Miranda warning still controversial 50 years later


by Sybil Hoffman


Posted on March 9, 2013 at 11:52 AM

PHOENIX -- The Miranda warning is arguably the most widely used phrase by law enforcement.

Now, 50 years after Phoenix police arrested Ernesto Miranda, the Captain who got his confession explains why he believes the landmark Supreme Court case ruling has done more harm than good.

"You have the right to remain silent, anything you say, can and will be used against you."

It's the warning made famous on television and in the movies.

It was March 1963 when Phoenix police arrested Miranda for kidnapping and raping an 18-year-old Valley woman. 50 years later, the police Captain who got Miranda's confession, explains "I didn't agree with the Supreme Court. I didn't then and I don't today."

Three years after Miranda's conviction, the American Civil Liberties Union took on his appeal.

"I felt like I was being the butt of the joke so to speak, I was the villain in this thing," Cooley said.

Because for Cooley, it was his case before the Supreme Court, not the other rape cases of which Miranda was convicted.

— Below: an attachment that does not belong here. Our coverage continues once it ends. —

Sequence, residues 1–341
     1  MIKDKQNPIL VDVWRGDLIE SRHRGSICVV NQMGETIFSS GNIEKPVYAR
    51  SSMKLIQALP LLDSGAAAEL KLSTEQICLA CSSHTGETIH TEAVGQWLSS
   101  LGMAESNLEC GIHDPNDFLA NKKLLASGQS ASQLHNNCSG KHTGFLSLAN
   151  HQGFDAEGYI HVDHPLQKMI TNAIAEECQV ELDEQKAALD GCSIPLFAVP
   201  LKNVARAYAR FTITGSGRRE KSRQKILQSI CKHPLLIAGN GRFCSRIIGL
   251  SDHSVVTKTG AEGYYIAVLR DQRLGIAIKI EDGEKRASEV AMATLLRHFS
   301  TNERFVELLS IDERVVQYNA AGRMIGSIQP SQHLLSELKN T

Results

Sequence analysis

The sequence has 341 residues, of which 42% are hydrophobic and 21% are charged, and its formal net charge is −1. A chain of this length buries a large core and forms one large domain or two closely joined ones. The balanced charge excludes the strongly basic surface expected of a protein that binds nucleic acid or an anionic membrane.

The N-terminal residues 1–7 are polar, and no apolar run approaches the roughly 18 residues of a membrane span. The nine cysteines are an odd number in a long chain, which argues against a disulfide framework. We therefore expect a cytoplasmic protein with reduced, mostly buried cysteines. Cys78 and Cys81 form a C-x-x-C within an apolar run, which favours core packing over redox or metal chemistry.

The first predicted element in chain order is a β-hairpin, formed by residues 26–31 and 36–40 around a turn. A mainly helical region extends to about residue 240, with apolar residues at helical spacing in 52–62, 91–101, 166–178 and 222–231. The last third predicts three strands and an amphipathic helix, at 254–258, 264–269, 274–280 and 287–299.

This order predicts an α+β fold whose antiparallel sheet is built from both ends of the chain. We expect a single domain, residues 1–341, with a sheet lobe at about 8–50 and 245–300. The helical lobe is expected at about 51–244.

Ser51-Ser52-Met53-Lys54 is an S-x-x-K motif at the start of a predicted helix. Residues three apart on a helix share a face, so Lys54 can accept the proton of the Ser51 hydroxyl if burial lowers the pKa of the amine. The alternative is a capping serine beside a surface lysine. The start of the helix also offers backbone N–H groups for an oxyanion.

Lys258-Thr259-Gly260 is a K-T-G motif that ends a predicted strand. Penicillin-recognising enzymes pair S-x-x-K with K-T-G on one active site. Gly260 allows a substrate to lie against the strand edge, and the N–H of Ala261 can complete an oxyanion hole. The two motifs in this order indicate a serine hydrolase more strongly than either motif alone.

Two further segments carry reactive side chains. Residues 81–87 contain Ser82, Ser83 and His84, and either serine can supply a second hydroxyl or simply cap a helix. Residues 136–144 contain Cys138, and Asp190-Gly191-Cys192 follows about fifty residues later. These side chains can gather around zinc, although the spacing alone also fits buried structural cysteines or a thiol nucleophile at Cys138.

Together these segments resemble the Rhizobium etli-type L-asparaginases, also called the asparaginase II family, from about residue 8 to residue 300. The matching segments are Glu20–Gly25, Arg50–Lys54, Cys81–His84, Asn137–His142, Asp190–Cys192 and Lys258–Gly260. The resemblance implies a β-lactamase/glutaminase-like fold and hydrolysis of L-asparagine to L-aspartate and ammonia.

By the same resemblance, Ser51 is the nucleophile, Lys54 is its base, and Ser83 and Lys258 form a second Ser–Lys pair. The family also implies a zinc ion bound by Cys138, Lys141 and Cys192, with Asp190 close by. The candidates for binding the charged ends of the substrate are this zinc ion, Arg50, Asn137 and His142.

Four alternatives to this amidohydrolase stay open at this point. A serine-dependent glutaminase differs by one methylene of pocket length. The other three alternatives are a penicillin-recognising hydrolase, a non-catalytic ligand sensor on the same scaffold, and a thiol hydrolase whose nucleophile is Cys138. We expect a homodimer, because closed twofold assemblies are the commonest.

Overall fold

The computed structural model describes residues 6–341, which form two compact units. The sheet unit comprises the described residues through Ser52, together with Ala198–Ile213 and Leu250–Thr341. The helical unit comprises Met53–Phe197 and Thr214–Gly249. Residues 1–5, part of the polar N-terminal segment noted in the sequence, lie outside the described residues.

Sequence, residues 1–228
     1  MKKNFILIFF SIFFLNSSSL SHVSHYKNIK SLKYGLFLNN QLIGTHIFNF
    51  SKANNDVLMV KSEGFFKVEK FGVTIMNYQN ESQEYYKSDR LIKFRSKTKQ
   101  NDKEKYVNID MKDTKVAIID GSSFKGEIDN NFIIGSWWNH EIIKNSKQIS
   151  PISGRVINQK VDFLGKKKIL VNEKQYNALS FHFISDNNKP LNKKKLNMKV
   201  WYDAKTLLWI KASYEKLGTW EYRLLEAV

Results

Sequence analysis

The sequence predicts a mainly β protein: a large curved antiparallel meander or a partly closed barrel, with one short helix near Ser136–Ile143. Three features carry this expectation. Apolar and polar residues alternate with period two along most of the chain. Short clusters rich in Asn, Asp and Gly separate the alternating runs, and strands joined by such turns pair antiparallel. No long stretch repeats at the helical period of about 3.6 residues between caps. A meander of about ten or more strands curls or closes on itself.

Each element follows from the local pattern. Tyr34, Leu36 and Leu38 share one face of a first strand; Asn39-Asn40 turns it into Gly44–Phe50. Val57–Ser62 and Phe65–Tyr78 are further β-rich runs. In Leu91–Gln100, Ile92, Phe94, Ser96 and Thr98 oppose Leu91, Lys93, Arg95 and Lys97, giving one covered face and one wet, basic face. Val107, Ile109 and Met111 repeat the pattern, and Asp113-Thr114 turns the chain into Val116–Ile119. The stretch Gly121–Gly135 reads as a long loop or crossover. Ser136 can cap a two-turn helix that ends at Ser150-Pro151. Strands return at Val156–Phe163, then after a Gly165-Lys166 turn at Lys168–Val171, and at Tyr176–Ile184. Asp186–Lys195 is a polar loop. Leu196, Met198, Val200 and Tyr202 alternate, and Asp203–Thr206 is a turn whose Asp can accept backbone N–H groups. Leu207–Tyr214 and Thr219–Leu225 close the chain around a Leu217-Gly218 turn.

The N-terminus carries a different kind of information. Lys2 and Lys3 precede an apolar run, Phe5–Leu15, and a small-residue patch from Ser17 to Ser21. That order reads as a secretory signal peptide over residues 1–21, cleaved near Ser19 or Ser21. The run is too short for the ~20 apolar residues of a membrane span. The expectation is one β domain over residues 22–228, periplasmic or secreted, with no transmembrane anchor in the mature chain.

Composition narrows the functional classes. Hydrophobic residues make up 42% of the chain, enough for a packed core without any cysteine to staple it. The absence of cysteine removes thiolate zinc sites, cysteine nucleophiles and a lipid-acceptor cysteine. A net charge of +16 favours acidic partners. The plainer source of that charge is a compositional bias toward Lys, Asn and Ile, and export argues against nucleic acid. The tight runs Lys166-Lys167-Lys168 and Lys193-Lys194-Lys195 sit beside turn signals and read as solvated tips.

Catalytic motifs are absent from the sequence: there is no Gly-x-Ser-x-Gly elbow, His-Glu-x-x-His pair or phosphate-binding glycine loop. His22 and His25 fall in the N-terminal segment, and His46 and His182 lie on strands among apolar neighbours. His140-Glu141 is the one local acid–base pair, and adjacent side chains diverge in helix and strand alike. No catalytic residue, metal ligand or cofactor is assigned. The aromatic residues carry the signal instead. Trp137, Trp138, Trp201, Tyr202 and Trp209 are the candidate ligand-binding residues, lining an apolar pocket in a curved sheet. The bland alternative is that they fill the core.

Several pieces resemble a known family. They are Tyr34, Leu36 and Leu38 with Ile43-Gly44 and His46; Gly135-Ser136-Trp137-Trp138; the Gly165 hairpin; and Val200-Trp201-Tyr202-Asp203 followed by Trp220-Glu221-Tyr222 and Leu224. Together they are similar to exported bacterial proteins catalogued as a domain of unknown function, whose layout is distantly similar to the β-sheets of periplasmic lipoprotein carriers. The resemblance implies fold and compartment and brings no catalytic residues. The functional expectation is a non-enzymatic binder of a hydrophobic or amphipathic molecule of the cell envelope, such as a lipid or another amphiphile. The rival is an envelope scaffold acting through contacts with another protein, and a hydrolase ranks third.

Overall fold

Alice Bendheim was on the ACLU board when the Miranda appeal arrived.

"This is the one he confessed to without having been warned in advance," said Bendheim.

Bendheim explains the reason the ACLU took the case, "Here we could vindicate a constitutional right and yet we weren't setting free a rapist."

Vindication Cooley found, and still finds, unnecessary.

"We didn't require them to speak against their will," he said.

The 5th Amendment guarantees the right against self incrimination, meaning suspects have never been forced to talk.

In Cooley's opinion, the court went a little too far.

"They extended and went beyond what I think the constitution says," he remarked.

But Bendheim argues, "Even though it's in the constitution and nobody knows it's there, it might as well not be there."

Bendheim believes the Miranda ruling created a better, more fair system.

"When you have the police with no restraints on them whatsoever, that is by definition a police state. We don't want to live in a police state, we want to live in a state where it's better that 100 guilty men go free than one innocent person is convicted. If we convict the wrong person, that means that the guilty person is still out there and doing bad things," Bendheim stated.

"If you turn a guy loose because he's smart enough not to tell you anything and he goes out and commits another crime just like it, somewhere else, what's the justice in that?" Cooley asked.

In honor of the 50th anniversary, the Phoenix Police Museum is unveiling a special exhibit featuring original reports, the signed Miranda card, the room where Miranda was interrogated, and even his jail cell.

The Phoenix Police Museum is located inside Old Phoenix City Hall at 17 S. 2nd Ave. in Phoenix. It will be open to the public on Wednesday, March 13 from 9 a.m to 3 p.m.